– If we want to get a vintage aesthetic look, by adding a little bit of grain to our photos, then we should try bumping up the ISO.
– If we are using a tripod to stabilize our camera we can usually get away with a slower shutter speed, which in turn allows us to use a lower ISO.
– If we are shooting an image and don’t mind having a blurred background, we can increase the camera’s Aperture (thus allowing more light into the lens) and use a lower ISO.
– If we are shooting with artificial light by using a Flash we can use a lower ISO setting and get a very clear picture.
When To Increase ISO
We should always increase the ISO when there is not enough light for the camera to be able to quickly capture a clear image.
Eg. When shooting indoors without a flash, set the ISO to a higher number to be able to freeze motion and obtain a bright viewable image.
Other cases where you might want to increase ISO are when you need to get ultra-fast shots, like bird pictures or fast moving action sports.
However, when increasing the ISO, you need to watch out for the amount of fuzzy noise which is added to the image.
Situations where you might need to push ISO to higher settings include:
– Indoor Sports Events where players are moving fast and there is limited light available due to the fast shutter speed we are using to freeze the action.
– Musical Concerts and Theatre hows which are performed in low light and often have ‘no-flash’ rules.
– Art Galleries, Churches, and Museums, because they have rules against using a flash and of course being indoors it is not well lit.
– Birthday Parties where blowing out the candles in a dark room can produce a nice moody shot which would be ruined by a bright flash.
– You are taking Photos at a Party or Function and want to shoot unonbtrusively using a large zoom lens to capture natural candid pictures.
– You are taking a Photo in Low Light which is not going to be Enlarged or Printed, and so a small amount of graininess in the image will not matter.
On many of the newer DSLRs, there is a setting for “Auto ISO”, which can help get better results in low-light environments.
The beauty of this setting, is that you can set the maximum ISO to a certain number, so when the ISO is automatically increased based on the amount of light, it does not cross the set barrier. So, if I want to limit the amount of grain in my pictures, I typically set the maximum ISO to 1600.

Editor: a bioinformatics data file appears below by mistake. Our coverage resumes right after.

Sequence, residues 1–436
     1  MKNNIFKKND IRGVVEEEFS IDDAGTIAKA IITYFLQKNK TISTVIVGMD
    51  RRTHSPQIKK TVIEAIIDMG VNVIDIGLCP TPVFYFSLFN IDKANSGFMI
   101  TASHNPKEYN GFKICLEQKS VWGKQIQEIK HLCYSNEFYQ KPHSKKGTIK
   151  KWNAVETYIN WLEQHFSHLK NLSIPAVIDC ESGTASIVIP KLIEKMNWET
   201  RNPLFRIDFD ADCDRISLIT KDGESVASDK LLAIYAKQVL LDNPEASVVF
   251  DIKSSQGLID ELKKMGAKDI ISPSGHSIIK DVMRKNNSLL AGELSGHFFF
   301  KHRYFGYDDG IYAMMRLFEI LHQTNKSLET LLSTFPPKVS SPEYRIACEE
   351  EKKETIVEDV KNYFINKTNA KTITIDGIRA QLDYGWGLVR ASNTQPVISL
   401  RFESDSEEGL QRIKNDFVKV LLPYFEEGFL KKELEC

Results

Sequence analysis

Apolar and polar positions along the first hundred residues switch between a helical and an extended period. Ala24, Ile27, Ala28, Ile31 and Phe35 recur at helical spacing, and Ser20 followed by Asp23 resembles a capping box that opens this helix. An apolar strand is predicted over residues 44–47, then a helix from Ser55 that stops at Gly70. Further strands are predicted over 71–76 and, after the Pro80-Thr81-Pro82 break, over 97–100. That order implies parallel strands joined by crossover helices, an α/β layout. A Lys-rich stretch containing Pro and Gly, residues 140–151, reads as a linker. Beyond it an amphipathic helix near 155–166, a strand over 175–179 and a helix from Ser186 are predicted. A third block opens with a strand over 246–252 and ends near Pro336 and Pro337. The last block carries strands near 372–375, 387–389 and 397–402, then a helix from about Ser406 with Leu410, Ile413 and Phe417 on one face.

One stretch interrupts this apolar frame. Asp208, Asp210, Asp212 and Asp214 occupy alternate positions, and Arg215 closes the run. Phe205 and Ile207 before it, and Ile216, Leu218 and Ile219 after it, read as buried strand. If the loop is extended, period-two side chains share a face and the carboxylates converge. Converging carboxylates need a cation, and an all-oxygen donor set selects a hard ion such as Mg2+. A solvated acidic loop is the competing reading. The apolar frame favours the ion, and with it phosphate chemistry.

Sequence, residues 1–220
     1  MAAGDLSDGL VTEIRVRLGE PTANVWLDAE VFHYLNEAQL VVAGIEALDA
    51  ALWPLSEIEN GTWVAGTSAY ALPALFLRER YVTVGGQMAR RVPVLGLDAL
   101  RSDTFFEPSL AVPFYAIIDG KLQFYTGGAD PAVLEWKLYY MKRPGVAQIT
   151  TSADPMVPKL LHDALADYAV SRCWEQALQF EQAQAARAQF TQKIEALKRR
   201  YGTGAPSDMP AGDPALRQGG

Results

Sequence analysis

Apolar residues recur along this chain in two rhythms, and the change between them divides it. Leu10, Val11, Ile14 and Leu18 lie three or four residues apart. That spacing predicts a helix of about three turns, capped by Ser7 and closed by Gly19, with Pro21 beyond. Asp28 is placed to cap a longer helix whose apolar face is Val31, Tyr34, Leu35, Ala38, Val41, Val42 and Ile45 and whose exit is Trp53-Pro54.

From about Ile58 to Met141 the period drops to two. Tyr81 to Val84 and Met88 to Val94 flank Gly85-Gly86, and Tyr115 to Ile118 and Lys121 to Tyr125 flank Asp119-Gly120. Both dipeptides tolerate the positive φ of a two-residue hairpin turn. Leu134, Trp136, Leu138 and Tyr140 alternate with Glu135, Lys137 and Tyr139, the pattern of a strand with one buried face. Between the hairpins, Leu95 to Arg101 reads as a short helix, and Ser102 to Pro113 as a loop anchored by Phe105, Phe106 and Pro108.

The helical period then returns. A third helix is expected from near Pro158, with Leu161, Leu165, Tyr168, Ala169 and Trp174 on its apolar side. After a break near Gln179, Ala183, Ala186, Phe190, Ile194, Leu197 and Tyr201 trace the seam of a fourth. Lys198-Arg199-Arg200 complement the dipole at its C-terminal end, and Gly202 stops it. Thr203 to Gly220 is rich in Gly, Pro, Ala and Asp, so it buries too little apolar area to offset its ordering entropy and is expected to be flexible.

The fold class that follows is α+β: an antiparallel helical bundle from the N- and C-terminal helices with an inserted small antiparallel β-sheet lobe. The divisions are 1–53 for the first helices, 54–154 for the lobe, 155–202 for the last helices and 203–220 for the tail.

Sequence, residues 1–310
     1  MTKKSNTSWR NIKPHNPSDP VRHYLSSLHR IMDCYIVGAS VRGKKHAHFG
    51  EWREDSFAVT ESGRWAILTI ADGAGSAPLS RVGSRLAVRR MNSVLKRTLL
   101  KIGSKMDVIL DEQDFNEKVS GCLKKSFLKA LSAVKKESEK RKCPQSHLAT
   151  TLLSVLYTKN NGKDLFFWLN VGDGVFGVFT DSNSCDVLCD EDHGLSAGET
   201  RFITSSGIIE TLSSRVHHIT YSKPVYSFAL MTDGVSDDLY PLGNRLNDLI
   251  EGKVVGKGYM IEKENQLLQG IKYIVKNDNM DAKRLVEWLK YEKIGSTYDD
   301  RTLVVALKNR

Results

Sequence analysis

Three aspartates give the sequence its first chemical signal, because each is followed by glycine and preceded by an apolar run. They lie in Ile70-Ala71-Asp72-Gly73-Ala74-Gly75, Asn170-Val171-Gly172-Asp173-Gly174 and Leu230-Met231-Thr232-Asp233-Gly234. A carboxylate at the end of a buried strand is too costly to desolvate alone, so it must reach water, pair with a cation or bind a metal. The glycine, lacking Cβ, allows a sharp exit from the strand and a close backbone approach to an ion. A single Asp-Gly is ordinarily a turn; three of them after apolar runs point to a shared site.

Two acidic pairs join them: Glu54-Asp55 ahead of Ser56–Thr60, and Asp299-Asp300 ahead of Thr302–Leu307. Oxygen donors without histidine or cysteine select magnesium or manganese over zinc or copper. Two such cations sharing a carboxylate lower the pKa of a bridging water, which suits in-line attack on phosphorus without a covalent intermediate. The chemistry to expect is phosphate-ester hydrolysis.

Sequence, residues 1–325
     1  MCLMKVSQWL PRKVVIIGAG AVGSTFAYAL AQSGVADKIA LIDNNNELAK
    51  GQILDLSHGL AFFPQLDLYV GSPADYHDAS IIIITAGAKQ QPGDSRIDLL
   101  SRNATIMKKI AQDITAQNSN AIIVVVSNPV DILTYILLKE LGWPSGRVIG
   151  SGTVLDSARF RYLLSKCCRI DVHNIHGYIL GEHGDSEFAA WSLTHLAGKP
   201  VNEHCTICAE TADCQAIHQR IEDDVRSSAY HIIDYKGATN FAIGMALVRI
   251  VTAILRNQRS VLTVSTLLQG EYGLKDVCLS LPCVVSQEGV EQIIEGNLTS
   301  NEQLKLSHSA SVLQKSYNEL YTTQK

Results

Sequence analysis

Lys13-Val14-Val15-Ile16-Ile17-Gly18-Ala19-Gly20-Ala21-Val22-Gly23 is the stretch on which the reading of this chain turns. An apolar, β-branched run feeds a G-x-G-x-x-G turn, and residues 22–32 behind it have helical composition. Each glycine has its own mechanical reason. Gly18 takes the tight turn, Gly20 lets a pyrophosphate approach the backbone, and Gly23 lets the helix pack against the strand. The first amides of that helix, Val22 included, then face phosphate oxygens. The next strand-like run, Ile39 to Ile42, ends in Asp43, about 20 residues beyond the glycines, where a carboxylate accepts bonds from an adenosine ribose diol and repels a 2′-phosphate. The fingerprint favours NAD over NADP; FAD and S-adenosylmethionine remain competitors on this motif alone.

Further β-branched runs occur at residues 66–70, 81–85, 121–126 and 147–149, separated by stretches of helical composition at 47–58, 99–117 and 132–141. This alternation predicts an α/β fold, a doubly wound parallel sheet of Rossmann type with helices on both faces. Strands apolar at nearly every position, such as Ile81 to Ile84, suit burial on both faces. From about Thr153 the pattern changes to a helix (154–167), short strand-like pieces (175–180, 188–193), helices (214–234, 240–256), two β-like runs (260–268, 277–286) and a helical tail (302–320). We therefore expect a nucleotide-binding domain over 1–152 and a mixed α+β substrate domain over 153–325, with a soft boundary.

DSLR’s also have Auto “Scene Modes” which can be used, such as “Sports”, “Night Portrait”, “Landscape”, “Night Scene”, “Daylight Portrait”, “Food”, and so on.
These presets contain ISO values which are suitable for these situations.
Low Light Cameras
There are a number of cameras made especially for low light conditions, which also take good pictures in full daylight as well.
The best performing of these is the rather expensive retro styled Nikon DF, but there are also cheaper point and shoot cameras like the Sony Cyber-Shot DSC-RX100 III and the Panasonic Lumix LX-7 which perform well in low light.
The Sony A7s is a remarkable camera, capable of extremely High ISO’s with images obtianed which are of good quality.
The following one and a half minute video shows how the A7s is able to turn darkness into daylight.
However this amazing camera does not come cheap, and has a current Australian Retail Price of around $2500 just for the camera body with no lenses.
For further information on the best cameras to use in low light situations, see the following aticle:
Videos About ISO
This first video is seven minutes long, and shows examples about ISO Settings and Noise. It also shows the relationship between ISO and Shutter Speed.
The following five minute video discusses ISO values and the importance of buying a good F2.8 wide aperture lens for low light.
This next vidoe discusses using ISO in Night Club Photography, and includes real life examples. The video is in two parts:
This next five and a half minute video includes examples and shows how to do an “ISO Lens Cap Test” on your camera.
Finally for those who love all things super technical, here is a nine and a half minute video which goes into the technical details of how ISO actually works in a Digital Camera, and how at High ISO’s we get noise introduced into the electrical signal which is what causes blurry noise dots on low light photos.
ISO Settings – Summary
Most of the time in good lighting conditions, your camera’s Auto or Scene settings will deal with ISO correctly and nice clear bright photos will result.
However in Low Light situations, there are a number of things to be aware of regarding ISO. We have tried our best to cover these in this “How To” article.
All of this might be a bit of information overload at the moment, but by gradually working through all of our “How To” articles, and trying out different settings on your own camera, we are sure that you will become a much better photographer who is able to problem solve situations quickly when your photos are not turning out exactly how you would like them to.
Good Luck, and keep taking pictures!
References and Further Reading